Content Detail

Tufted hair grass is a clump forming, cool season grass. This grass has a wide natural range, being found in Europe, Asia, and North America.
This species is native to the Chicago region according to Swink and Wilhelm’s Plants of the Chicago Region, with updates made according to current research.

  • Family (English) Grass
  • Family (botanic) Poaceae
  • Tree or plant type Grass, Perennial
  • Native locale Chicago area, Illinois, North America
  • Size range Large plant (more than 24 inches)
  • Light exposure Partial sun / shade (4-6 hrs light daily)
  • Hardiness zones Zone 2, Zone 3, Zone 4, Zone 5 (Northern Illinois), Zone 6 (City of Chicago), Zone 7, Zone 8, Zone 9
  • Soil preference Moist, well-drained soil
  • Tolerances Alkaline soil, clay soil, Wet sites
  • Season of interest mid spring, late spring, early summer, midsummer, late summer, early fall
  • Flower color and fragrance Other
  • Shape or form Mounded

Size and Form: 

Tufted hair grass forms mounds of foliage about 1 to 2 feet tall. When the flowering stalks rise above the foliage, the plant height will reach 3 feet.

Native geographic location and habitat: 

Native to all continents of the northern hemisphere. C-Value: 10.  

Leaf description: 

The narrow, green leaves will form dense tufts 1 to 2 feet tall. In milder climates, the leaves remain evergreen or semi-evergreen. In colder climates, leaves will go dormant and will develop yellowish tips.

Flower description: 

Flowering occurs in late spring, typically May and June. The tiny, purplish-green flowers occur in open, airy clusters (panicles). The flowers are wind pollinated.

Fruit description: 

The small fruit (caryopsis or grains) form along the branches of the open panicles that held the flowers. The fruits are tiny, but produced in great abundance, so they make a great display in summer.

Plant care:

Tufted hair grass prefers moist soils and partial shade. This is a cool season grass, so its most active growth occurs in spring and fall. It does poorly in hot, dry situations. This grass may remain semi-evergreen through winter in milder climates, and can act as winter interest. In milder climates, cut back in early spring before new growth begins. In cooler climates, the grass can be cut down in late autumn or early spring.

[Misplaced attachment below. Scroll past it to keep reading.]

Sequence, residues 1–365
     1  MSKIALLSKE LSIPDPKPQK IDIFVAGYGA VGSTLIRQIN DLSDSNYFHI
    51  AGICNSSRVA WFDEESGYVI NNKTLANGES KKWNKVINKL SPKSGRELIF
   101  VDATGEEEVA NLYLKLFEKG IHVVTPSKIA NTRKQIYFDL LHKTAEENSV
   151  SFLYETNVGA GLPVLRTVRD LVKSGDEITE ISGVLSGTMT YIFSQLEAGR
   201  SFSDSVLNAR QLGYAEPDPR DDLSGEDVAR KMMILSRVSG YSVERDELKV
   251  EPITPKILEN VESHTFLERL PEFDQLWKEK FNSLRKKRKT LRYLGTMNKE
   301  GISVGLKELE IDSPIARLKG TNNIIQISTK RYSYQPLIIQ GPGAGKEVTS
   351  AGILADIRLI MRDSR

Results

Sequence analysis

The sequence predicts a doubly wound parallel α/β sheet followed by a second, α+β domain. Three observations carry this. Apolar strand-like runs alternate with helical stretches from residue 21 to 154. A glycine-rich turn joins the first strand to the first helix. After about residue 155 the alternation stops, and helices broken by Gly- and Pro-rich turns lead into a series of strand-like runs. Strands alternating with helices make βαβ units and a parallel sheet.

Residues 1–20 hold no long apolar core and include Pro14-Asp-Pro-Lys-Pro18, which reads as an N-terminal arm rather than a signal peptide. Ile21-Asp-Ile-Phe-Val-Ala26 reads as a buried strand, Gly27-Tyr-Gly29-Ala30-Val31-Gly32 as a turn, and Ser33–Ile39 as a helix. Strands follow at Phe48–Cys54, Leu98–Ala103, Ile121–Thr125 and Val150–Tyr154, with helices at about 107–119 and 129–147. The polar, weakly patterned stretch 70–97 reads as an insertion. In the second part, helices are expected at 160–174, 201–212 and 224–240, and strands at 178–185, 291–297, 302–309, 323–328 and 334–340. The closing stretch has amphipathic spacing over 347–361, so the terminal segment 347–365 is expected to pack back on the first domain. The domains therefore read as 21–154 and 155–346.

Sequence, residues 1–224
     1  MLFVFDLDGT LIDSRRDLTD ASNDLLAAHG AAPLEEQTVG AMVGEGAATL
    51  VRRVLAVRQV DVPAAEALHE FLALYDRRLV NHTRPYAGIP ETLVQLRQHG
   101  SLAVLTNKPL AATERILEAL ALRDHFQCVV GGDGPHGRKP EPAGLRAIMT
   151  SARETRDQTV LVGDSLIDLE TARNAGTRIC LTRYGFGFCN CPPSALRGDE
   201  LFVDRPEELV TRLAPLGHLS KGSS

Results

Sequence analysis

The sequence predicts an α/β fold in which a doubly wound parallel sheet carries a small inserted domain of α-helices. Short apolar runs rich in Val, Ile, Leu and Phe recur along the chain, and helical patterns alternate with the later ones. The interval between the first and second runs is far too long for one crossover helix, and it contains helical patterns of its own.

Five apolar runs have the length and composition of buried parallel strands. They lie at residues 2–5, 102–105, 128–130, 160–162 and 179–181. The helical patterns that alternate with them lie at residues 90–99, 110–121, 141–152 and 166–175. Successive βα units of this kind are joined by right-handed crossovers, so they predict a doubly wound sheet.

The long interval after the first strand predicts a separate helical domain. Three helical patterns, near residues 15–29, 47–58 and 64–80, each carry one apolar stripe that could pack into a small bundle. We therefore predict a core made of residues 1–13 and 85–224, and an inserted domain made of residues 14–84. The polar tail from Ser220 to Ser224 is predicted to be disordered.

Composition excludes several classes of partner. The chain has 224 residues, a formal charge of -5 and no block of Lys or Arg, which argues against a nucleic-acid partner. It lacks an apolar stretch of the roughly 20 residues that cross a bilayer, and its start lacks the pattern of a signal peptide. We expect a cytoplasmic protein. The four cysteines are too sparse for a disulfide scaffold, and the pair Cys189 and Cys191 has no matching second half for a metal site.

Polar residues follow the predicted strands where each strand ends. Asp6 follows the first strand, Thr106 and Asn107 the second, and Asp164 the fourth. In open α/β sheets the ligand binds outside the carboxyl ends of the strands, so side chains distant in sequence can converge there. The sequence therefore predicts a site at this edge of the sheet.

List of pests, diseases, and tolerances:

None serious.

These plants are cultivars of a species that is native to the Chicago Region according to Swink and Wilhelm’s Plants of the Chicago Region, with updates made according to current research. Cultivars are plants produced in cultivation by selective breeding or via vegetative propagation from wild plants identified to have desirable traits.

Bronzeschleier (Bronze Veil) tufted hair grass (Deschampsia cespitosa ‘Bronzeschleier’):

This cultivar is a little larger than the species and produces an abundance of bronze-yellow flowers.

Goldgehaenge (Gold Pendant) tufted hair grass (Deschampsia cespitosa ‘Goldgehaenge’):

Flowers are golden-yellow.

Goldschleier (Gold Veil) tufted hair grass (Deschampsia cespitosa ‘Goldschleier’): 

Bright yellow flowers distinguish this cultivar.

Goldstaub (Gold Dust) tufted hair grass (Deschampsia cespitosa ‘Gold Staub):  

Yellow flowers.

Schottland (Scotland) tufted hair grass (Deschampsia cespitosa ‘Schottland’):

Larger than the species, with cream-colored flowers.

Tardiflora tufted hair grass (Deschampsia cespitosa ‘Tardiflora’)

Flowers are produced in late summer.

Tautraeger tufted hair grass (Deschampsia cespitosa ‘Tautraeger’):  

Flower clusters are slender.


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